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Cover of "Leyes Nuevas" of 1542.

The New Laws (Spanish: Leyes Nuevas), also known as the New Laws of the Indies for the Good Treatment and Preservation of the Indians (Spanish:Leyes y ordenanzas nuevamente hechas por su Majestad para la gobernación de las Indias y buen tratamiento y conservación de los Indios), were issued on November 20, 1542, by King Charles V of the Holy Roman Empire (Charles I of Spain) and regard the Spanish colonization of the Americas. Following complaints and calls for reform from individuals such as the Dominican friar Bartolomé de Las Casas, these laws were created to prevent the exploitation and mistreatment of the indigenous peoples of the Americas by the encomenderos, grants of labor of a particular group of Indians, by strictly limiting their power and dominion.[1] The text of the New Laws has been translated to English.[2]

Blasco Núñez Vela, the first Viceroy of Peru, enforced the New Laws, resulting in a revolt of some encomenderos in which he was killed in 1546 by the landowning faction led by Gonzalo Pizarro who wanted to maintain a political structure based on the pre existing Incan model. Although the New Laws were only partly successful due to the opposition of some colonists, they did result in the liberation of thousands of indigenous workers which had remained in a state of semi-slavery.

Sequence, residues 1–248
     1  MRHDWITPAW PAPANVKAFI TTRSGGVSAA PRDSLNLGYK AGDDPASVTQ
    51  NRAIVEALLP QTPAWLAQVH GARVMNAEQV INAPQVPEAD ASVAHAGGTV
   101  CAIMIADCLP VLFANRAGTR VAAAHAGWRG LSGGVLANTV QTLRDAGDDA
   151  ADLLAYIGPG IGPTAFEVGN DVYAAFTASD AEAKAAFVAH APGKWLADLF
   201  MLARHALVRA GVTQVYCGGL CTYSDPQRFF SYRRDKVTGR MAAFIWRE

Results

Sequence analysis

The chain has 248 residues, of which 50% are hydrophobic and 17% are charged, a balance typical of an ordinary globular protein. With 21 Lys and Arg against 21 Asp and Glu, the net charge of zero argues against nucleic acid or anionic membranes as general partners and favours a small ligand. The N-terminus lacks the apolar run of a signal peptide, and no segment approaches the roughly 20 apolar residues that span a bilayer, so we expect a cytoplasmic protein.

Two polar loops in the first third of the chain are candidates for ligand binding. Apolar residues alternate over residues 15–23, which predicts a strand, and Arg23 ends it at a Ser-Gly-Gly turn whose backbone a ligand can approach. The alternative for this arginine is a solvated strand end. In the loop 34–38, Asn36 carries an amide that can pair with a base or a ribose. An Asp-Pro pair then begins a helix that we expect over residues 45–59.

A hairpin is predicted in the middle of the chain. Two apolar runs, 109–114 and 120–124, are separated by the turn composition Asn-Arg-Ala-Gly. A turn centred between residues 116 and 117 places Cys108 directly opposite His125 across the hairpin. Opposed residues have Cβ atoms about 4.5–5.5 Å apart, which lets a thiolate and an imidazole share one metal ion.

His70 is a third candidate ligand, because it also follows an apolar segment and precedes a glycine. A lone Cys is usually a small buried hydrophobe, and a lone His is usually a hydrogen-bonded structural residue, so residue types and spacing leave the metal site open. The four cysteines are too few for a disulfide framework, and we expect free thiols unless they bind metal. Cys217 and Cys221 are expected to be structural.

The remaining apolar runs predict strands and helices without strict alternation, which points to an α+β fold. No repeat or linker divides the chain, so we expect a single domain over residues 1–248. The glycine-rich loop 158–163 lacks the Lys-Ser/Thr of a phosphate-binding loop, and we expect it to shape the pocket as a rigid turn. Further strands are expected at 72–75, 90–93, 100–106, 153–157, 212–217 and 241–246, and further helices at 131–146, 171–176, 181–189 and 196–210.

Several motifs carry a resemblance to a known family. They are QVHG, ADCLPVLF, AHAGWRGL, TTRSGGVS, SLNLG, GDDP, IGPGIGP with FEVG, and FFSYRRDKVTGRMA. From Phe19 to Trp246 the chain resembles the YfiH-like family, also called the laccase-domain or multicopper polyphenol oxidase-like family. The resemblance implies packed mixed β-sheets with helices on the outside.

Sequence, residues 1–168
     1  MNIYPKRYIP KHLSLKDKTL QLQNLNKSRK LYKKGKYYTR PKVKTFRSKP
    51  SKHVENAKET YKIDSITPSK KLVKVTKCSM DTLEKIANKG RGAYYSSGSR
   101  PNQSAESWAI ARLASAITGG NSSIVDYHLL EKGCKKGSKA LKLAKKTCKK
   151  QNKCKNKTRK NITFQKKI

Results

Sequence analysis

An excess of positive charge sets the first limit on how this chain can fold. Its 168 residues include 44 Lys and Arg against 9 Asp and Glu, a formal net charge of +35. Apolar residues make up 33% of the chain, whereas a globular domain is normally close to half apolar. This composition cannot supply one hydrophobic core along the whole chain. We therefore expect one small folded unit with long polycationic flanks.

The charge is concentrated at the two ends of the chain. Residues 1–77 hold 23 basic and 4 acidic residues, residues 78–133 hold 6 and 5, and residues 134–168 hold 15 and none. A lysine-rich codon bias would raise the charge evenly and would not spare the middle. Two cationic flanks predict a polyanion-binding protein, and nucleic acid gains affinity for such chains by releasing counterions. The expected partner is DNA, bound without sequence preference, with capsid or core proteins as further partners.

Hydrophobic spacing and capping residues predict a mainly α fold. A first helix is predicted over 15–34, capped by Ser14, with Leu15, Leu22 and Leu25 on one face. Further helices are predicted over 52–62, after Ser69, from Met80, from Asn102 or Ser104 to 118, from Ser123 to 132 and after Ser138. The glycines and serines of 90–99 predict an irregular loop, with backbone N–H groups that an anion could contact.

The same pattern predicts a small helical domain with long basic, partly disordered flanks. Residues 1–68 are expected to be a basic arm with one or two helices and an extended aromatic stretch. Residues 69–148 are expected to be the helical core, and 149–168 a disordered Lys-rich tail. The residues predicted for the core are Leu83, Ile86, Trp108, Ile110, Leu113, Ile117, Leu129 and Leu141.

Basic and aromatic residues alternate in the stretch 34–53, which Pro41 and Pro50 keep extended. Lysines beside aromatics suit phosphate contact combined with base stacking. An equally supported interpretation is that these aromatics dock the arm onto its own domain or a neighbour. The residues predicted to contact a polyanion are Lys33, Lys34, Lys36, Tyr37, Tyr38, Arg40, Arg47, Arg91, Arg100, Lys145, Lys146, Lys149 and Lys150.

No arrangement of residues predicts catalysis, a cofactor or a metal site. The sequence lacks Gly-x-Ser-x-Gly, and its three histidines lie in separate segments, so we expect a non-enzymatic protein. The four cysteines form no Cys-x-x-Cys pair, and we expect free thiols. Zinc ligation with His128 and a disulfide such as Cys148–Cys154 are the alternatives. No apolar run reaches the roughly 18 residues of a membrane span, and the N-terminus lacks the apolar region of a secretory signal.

The New Laws were the results of a reform movement spurred by what was seen as the less effective, decades-old Leyes de Burgos (Laws of Burgos), issued by King Ferdinand II of Aragon on December 27, 1512. These laws were the first set of rules created to regulate relations between the Spaniards and the recently conquered indigenous people, regarded as the first example of humanitarian laws in the New World. These had been effective to a limited extent due to the opposition of some colonists. Some regarded the laws as legalizing the system of forced Indian labor. During the reign of King Charles I, the reformers gained strength, with a number of Spanish missionaries making the case for stricter rules, including Bartolomé de las Casas and Francisco de Vitoria. The goal was to protect the Indians against forced labor and expropriation and to preserve their lifestyle. The very legitimacy of the conquest and colonization was objected during discussions. Eventually, the reformists were able to influence the King to pass a new set of reforms that came to be known as the New Laws.


The New Laws consisted of many regulations on the encomienda system, including its solemn prohibition of the enslavement of the Indians and provisions for the gradual abolition of the encomienda system. The New Laws stated that the natives would be considered free persons, and the encomenderos could no longer demand their labor. The natives were only required to pay the encomenderos tribute, and, if they worked, they would be paid wages in exchange for their labor. The laws also prohibited the sending of indigenous people to work in the mines unless it was absolutely necessary, and required that they be taxed fairly and treated well. It ordered public officials or clergy with encomienda grants to return them immediately to the Crown, and stated that encomienda grants would not passed on via inheritance, but would be canceled at the death of the individual encomenderos.

Resistance in PeruEdit